The tradition of letterform harmony reduces legibility. Typefaces have visual harmony because letterforms resemble each other. Helvetica has the classic lowercase L / uppercase I / 1 / ! problem. C, G, O, 0, and Q are also pretty similar. So are B and 8. Also b, d, o, p, and q. So Atkinson trades some consistency between letterforms for better letter differentiation. It applies all kinds of moves across the characer set to do this: Exaggerated 8 (to differentiate from B), lowercase l with a serif, lowercase i with a serif, ! is more tapered and has a bigger dot. Open counters. Exaggerated crossbar in the uppercase Q, straight leg on the R, slashed zero.

There isn't just blurry vision, but other kinds of vision loss that affect the field of vision

Macular degeneration, retinitis pigmentosa. These often coincide with blurry vision. Cataracts, diabetic reinopathy, total blindness. These can also affect character reognition. The team had glasses that simulated some of these disorders and used them to evaluate letterforms. (Interesting parallel to Pereira, who wore a blindfold for two weeks when his firm designed the buidling).

Form follows context

The typeface had to be readable but also appealing. Atkinson is for three different audiences: People with vision loss, those who assist them, and optimologists. It doesn't make sense for the Braille Institute to use three different typefaces, there has to be one that works in all contexts. If your only goal was maximum character differentiation you'd draw some kind of ransom-note typeface, but that would make life harder for two of the groups.

There are many situations where a typeface with increased legibility would benefit everyone.

Unexpected Twists

Little moves to inject a litte character. Circular shapes everywhere are a nod to the logo (recall the braille i). This is branding, but it still works for everyone. Some other details: Angled spurs tie the letters together because they're all the same angle. They also help to open up certain counters. Angled terminals. The typeface has everything in Adobe Latin 2, and some open-type features like tabular numbers.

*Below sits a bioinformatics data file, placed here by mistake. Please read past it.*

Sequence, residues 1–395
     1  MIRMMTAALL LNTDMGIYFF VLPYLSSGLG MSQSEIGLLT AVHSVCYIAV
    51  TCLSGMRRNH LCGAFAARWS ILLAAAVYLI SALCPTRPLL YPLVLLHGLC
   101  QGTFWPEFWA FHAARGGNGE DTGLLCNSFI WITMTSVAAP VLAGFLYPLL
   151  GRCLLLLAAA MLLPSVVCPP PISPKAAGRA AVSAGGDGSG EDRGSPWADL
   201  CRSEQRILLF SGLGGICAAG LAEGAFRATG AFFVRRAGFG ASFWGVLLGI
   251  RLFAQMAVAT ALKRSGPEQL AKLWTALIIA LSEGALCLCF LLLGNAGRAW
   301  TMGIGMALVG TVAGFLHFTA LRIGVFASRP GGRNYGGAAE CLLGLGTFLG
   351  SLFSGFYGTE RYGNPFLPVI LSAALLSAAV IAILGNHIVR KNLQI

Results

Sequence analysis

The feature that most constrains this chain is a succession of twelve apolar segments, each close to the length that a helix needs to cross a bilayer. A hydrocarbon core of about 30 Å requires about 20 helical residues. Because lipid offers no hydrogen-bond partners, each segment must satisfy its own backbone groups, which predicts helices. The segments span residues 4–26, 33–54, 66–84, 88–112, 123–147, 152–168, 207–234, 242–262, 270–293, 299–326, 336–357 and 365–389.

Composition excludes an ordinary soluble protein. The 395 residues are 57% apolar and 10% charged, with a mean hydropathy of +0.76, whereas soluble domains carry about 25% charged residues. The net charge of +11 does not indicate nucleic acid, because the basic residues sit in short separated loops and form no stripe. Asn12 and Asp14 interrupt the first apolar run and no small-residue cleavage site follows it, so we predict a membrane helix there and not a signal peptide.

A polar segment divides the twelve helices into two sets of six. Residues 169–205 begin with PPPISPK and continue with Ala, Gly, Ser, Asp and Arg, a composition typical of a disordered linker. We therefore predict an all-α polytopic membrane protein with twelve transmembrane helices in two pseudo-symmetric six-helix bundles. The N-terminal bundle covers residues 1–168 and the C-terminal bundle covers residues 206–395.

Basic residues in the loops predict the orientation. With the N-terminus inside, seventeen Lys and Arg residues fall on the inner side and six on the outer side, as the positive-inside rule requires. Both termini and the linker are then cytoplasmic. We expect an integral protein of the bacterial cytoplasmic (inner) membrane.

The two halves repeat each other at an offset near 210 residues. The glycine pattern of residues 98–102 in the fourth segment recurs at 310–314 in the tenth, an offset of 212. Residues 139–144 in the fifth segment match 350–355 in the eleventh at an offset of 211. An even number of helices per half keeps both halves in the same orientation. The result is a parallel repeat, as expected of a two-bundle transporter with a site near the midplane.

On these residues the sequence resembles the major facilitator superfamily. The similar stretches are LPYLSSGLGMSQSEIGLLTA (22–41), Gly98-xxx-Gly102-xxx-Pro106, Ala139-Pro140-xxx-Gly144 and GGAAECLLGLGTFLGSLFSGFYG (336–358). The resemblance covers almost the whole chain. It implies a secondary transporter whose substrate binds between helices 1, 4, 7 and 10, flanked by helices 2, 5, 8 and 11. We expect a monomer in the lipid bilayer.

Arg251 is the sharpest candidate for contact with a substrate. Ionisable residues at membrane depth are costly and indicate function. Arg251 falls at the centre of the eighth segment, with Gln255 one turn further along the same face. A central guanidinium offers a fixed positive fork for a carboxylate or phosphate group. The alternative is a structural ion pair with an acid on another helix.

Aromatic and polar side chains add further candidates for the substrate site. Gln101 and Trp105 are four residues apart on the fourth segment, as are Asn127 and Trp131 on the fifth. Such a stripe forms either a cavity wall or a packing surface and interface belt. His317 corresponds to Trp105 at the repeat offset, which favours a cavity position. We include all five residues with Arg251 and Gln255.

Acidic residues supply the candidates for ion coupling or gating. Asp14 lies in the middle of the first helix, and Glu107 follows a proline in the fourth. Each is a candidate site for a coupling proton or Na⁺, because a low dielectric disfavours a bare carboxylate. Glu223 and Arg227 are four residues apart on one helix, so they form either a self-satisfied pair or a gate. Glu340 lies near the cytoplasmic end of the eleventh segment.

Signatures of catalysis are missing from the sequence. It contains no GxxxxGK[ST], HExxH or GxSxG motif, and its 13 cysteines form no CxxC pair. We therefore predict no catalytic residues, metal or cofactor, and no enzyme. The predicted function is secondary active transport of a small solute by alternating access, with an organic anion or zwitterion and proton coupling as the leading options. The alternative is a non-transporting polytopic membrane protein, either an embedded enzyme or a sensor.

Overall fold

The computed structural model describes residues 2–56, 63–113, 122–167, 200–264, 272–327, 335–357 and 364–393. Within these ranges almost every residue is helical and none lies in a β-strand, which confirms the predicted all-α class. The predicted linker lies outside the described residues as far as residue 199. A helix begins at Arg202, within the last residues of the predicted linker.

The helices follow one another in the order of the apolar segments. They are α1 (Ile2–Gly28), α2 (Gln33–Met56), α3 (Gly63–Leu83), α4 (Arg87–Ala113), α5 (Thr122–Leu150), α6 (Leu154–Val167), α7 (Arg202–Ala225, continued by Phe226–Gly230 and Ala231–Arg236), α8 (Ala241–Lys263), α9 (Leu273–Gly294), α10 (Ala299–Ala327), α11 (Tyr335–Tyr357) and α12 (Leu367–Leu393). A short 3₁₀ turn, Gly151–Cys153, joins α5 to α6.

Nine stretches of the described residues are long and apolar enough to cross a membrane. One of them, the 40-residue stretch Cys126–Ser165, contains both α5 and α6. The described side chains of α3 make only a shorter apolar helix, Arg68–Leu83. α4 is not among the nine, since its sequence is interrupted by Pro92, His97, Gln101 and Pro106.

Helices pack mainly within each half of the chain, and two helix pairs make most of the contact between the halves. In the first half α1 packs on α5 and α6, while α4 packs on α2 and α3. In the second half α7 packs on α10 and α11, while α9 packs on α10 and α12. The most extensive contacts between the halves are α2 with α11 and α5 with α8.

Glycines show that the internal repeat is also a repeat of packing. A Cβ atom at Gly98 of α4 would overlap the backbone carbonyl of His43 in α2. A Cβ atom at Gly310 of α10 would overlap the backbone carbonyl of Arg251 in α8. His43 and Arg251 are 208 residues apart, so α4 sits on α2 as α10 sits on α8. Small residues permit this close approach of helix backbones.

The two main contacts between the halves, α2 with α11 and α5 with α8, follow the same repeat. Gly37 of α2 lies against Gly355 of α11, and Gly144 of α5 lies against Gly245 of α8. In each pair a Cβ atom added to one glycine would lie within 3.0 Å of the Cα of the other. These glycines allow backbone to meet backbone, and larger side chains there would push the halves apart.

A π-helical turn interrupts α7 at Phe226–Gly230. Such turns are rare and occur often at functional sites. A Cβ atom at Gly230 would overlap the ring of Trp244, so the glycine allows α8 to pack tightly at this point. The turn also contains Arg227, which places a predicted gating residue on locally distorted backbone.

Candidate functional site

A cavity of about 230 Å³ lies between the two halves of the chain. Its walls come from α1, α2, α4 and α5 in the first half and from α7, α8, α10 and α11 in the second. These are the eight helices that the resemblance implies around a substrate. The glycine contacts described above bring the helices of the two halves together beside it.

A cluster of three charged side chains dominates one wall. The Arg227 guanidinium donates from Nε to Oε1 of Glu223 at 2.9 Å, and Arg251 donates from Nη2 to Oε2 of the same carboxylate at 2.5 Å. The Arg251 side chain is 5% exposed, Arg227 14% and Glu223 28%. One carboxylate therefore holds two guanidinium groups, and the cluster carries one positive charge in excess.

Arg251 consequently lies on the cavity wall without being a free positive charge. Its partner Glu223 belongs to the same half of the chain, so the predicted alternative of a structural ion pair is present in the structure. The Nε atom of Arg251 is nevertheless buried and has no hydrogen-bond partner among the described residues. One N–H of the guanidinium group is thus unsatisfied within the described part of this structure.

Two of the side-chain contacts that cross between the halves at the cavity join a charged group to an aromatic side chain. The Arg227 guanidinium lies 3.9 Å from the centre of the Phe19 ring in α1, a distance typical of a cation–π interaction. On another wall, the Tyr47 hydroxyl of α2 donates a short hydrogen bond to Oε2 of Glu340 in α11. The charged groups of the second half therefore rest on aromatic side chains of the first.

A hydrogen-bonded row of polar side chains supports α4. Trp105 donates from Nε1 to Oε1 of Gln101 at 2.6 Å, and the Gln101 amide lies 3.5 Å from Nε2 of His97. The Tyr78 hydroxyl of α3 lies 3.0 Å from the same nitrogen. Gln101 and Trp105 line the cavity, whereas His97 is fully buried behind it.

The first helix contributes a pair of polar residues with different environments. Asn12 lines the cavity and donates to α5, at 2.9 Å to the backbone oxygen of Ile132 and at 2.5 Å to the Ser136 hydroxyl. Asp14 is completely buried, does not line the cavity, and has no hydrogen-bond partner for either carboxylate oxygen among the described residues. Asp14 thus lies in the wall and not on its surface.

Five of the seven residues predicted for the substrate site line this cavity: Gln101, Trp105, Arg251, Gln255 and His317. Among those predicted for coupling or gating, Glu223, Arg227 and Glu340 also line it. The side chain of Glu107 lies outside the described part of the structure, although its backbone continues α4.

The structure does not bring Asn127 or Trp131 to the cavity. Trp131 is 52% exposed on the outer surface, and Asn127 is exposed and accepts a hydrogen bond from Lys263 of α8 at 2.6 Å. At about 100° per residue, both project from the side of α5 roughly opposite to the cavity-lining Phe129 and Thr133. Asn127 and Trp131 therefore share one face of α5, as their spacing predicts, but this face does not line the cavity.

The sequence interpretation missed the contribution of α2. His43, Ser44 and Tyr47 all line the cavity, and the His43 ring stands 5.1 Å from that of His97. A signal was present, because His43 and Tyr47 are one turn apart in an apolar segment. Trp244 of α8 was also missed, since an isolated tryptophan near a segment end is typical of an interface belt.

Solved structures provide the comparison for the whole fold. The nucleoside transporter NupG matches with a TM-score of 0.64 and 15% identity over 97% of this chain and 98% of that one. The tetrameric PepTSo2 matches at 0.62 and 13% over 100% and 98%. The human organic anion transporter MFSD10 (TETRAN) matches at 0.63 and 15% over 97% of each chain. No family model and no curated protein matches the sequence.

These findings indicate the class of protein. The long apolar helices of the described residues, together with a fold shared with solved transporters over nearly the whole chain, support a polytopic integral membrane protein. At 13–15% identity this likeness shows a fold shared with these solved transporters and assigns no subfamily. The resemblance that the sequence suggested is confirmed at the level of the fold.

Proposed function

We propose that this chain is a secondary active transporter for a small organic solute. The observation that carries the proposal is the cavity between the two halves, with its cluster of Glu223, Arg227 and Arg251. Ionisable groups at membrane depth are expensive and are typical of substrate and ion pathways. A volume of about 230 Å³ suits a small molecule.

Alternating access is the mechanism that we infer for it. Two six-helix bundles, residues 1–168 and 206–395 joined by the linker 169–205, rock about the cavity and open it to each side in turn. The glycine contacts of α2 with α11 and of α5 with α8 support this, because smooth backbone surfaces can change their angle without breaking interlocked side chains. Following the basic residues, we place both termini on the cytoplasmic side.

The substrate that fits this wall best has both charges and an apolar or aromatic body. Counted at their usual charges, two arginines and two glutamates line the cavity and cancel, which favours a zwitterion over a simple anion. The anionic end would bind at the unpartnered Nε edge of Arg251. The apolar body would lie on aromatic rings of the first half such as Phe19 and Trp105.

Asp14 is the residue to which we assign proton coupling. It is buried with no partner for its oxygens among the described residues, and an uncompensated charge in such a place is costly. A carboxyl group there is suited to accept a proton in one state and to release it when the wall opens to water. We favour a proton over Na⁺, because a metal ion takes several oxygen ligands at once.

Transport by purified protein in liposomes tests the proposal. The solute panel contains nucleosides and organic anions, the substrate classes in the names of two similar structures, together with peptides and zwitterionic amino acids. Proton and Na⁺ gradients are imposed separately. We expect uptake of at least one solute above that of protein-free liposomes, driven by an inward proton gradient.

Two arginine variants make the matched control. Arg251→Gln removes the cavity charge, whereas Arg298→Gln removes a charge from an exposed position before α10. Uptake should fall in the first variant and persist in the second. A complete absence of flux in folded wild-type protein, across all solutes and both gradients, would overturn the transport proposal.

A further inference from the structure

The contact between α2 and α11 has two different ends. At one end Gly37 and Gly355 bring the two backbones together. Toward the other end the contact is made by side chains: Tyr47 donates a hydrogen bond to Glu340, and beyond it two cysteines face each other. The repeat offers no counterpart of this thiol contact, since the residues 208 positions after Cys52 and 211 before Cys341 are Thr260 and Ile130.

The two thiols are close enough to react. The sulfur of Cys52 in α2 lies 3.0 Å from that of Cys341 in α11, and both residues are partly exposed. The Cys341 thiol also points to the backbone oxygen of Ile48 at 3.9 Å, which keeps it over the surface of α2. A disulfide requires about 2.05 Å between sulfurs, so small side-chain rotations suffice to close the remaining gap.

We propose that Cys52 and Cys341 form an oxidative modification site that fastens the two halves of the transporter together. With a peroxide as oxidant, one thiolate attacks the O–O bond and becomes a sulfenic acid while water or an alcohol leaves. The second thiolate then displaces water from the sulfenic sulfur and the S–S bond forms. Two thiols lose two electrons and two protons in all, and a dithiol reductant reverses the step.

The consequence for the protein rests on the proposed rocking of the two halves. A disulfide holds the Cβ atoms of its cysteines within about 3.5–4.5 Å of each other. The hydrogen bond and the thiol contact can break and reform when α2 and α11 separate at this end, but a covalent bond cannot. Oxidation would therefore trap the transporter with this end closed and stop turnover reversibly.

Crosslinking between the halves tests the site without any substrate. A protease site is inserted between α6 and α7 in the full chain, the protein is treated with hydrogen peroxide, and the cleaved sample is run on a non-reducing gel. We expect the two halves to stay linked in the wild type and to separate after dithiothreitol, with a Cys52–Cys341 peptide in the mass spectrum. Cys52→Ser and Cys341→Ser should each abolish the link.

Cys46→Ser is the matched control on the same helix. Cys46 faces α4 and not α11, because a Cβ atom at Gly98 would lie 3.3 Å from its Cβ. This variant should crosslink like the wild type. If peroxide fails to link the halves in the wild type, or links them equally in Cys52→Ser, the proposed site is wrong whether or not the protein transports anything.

Applied made a temporary version of the typeface with a limited character set (for English and Spanish) that could be used immediately. That led to more feedback that could flow into the refined, full version. Some of the changes include bigger punctuation, more open spacing.

External input

The project won a bunch of awards and was written about. Flipped the slash in the zero to differentiate with the swedish O in response to an online comment.


Was dyslexia a consideration in the design process?

When we launched there was a dyslexic-specific typeface launched. Interesting to look at the differences between that and Atkinson. Dyslexia and low vision aren't necessatily related. They both cause reading difficulty, but in different ways. Character differentiation is important for both, but we were more looking at low vision here.

Was there any scientific data or studies used in the design?

The design comes from the tradition of type design. It's not really rocket science, all these little moves come from existing typefaces. The colour contrast ratios in the colour palette were the only strictly mathematical consideration that flowed into the design - the rest is visual.

What's the relationship between Atkinson and Clearview, and similar existing typefaces? How did they influence this project?

The starting point were the four kinds of sans-serif. There are existing high-legibility typefaces, but they didn't include the Braille Institute branding. We needed something specific.

How did you test?

We're still developing more methodology, but during development we tested with students and clinicians at the Braille Institute. They have standard tests for reading speed and retention, and we tested our typeface with those.

Are there plans to use the typeface elsewhere?

The typeface is free and under a permissive license, so you're welcome to use it. Some of our other clients are interested.